December 31 2016 08:43AM
Not taking anything away from a solid effort by Antoine Bibeau for his first career win on Thursday night, it's no secret the Leafs have some major question marks in net beyond Freddie Andersen. And while Andersen has been other-worldly over the last couple months, vaulting himself to a place among the league leaders in save percentage, Toronto has been riding him pretty hard, starting him in 29 of their 35 games so far.
That's an incredible workload, and it's great to have that sort of horse back there in net that the team has been missing in recent years (sometimes by choice). And hey, for five-million dollars a year, they want the guy to earn those cheques. But still, with that pace stretched over an 82-game schedule, Andersen is due to start in 68 games this season, and only one goaltender - Jonathan Quick - did that in 2015-16.
Will that sort of number - 68 appearances - be too much for Andersen? At first glance I'd say probably not. Other bonafide starters have done it, and Andersen himself has started 54 games in a season with Anaheim, so it isn't like he's just going from 0-to-100. But 68 games played isn't the same for everyone, and Andersen's 68 games (or thereabouts) might look a good deal different than someone like Quick or Holtby or another big worker.
It's probably easy to forget in this Corsi Renaissance over the last number of years that the metric was initially created to measure the workload of goaltenders. Put simply, if a player sets up to shoot, the goalie makes an effort to stop the puck whether it deflects off a player's shin pad, sails wide, what have you. It isn't just shots on target that make up a goalie's tasks on any given night.
With that in mind, you can understand why, over 68 games or so, the amount of activity from goalie to goalie can vary by a huge margin.
Take those 68 games from Quick last season. I don't have to remind you that the Kings have been a strong possession team in recent years, but part of that is being good at limiting opposing teams in their shot attempts, and the two don't necessarily go hand-in-hand. Last season, with Quick in net, the Kings saw 50.54 shot attempts against per 60 minutes, and 27.03 shots (on target) against.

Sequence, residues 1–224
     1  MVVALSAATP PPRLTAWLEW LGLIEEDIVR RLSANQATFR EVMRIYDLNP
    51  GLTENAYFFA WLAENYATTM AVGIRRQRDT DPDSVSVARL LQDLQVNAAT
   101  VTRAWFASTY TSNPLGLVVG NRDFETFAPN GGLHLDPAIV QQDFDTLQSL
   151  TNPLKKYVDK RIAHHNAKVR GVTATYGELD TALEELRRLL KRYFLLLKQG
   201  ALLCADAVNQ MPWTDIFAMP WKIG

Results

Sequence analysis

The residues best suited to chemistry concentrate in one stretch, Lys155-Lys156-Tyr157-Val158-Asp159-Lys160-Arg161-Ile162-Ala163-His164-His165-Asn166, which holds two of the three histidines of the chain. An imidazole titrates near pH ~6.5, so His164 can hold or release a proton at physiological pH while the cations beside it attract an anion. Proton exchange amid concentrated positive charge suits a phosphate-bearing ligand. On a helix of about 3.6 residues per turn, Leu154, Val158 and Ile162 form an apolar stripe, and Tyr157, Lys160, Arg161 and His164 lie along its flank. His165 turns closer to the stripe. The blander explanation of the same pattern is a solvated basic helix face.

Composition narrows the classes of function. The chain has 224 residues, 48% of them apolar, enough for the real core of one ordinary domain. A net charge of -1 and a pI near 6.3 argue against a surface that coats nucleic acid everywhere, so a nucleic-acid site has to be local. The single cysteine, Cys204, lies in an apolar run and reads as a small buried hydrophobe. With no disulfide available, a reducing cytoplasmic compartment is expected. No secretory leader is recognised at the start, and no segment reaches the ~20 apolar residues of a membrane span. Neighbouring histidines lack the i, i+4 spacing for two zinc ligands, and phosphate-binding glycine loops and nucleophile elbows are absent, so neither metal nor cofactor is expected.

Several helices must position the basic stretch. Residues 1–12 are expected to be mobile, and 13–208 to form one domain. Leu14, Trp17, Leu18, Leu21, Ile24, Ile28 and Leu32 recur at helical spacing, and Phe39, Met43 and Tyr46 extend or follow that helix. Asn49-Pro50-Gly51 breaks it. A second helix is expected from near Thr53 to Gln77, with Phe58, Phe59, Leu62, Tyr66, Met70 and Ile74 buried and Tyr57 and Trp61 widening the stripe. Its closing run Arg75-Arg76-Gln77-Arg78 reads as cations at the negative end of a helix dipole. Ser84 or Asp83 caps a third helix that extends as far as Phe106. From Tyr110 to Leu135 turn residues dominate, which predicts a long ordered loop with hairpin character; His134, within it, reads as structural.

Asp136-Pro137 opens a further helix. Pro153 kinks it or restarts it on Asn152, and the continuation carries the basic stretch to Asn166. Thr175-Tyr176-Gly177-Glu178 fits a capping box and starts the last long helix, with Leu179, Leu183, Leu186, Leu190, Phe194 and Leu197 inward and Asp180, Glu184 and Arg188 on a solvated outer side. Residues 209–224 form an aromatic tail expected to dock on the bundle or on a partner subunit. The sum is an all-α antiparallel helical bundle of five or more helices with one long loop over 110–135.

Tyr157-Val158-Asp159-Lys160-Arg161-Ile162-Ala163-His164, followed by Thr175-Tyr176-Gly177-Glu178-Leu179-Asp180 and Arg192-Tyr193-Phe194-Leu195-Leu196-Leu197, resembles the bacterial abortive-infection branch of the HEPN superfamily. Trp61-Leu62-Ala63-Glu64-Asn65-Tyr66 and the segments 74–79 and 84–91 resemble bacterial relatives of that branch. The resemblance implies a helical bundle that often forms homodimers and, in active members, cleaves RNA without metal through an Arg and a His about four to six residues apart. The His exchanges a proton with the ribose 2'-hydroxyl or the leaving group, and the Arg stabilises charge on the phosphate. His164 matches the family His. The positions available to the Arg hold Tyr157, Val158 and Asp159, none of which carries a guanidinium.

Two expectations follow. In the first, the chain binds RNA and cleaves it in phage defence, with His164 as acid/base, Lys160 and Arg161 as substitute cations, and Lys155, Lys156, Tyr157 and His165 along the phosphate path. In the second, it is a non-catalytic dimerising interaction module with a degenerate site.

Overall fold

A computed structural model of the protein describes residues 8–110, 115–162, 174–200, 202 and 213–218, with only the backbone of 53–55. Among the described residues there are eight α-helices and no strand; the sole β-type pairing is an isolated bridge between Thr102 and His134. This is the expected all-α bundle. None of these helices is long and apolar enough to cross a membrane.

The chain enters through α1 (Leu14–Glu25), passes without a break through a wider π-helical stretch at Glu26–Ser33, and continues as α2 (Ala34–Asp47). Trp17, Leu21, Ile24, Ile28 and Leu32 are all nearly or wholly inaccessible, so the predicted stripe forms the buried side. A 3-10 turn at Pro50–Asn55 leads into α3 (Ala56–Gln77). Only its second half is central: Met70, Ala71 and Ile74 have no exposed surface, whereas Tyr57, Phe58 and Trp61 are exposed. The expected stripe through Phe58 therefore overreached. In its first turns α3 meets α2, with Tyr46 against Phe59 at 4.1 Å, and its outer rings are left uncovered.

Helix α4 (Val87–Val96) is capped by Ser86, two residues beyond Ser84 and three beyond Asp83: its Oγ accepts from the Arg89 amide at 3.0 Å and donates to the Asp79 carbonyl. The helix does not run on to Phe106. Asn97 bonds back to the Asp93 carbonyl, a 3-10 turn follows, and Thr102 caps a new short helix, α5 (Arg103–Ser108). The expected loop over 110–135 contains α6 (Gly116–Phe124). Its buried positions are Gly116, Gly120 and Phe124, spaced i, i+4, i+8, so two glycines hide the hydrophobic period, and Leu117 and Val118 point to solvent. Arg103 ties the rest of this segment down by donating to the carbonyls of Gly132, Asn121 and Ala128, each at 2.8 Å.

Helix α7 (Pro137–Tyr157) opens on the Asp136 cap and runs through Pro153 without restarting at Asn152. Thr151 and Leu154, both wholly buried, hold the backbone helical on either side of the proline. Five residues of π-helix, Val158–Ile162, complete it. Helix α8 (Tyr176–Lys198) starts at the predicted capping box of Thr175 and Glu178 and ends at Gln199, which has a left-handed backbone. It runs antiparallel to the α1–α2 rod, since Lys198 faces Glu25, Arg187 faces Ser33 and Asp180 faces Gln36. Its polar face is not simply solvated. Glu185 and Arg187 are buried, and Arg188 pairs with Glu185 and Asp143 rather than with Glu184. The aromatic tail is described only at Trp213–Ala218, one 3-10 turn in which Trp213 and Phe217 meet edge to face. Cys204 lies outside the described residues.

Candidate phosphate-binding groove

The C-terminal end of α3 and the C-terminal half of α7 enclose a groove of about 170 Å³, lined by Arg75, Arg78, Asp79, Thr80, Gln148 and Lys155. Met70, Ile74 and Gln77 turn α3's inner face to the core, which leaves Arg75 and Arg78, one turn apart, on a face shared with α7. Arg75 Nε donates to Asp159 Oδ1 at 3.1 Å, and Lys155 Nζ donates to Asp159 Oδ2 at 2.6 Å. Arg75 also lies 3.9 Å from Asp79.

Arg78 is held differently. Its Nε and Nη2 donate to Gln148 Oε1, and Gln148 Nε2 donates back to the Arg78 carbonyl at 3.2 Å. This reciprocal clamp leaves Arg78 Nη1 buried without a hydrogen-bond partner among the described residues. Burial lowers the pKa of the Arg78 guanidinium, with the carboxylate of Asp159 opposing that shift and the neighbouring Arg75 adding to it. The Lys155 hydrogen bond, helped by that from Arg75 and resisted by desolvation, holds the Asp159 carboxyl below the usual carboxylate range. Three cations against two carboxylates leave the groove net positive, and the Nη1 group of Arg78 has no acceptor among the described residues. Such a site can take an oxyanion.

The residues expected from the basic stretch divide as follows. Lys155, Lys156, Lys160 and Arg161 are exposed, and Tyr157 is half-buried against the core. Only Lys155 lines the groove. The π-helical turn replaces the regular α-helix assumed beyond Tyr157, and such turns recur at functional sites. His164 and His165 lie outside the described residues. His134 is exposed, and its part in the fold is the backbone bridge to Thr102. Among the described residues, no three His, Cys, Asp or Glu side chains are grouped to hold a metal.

Now, this current Leafs team is considered a strong club too in terms of carrying play, as they've been in or near the top ten in score-adjusted Corsi all season. The difference is that they trade-off attempts for and against at a higher rate. It's fire-wagon hockey, and it's fun as hell.
But for Andersen, it translates to him being on the ice for 62.74 shot attempts against per 60, and 32.81 shots (on target) against - which is third and fifth highest, respectively, for goaltenders with 1000 minutes played so far this season. When you consider these guys can rack up nearly 4000 all-situation minutes of time played over the course of the season as they approach that magical 68 game summit, well, yeah, that can be a lot of difference in work.
In fact, if you look back at all the goaltenders who crossed the 60-start threshold last season, none of them saw Corsi against per 60 higher than 59.02, which was Lundqvist (who so happened to crater in the playoffs). And if you take a look at Craig Anderson, you see he faced more attempts and shots than the starts leader, Quick, despite playing 10% less of the season.
So you can see how the task in front of Andersen is a huge one if Babcock plans on bringing him up into the high 60s in terms of games started, especially given the brand of hockey this team is playing. And again, I'm not saying this is a poor way to play, it's just high event hockey. It is what it is. The question just becomes "Is it something Andersen can handle?", because all starts are certainly not created equal.
Now, because we're thinking about this, you can bet the Leafs have already thought about it. It's no doubt part of the reason why they're at the forefront of using Catapult biomechanics tracking, which helps collect data related to this kind of stuff. Its use is limited to practice, but the main selling point on this technology is its supposed ability to help in "reducing repetitive-use injuries and quantifying the workload of each player throughout the season".
With all this in mind, there's probably no reason to think this reliance on Andersen is something he's going to crumble under, as he's been only getting better game-by-game to this point. But I think it's still fair to argue for adding a little insurance, because it looks like both the team and goalie are going to be entering somewhat uncharted waters here. In the meantime, Andersen will continue to go about earning every bit of that five million dollar cap hit.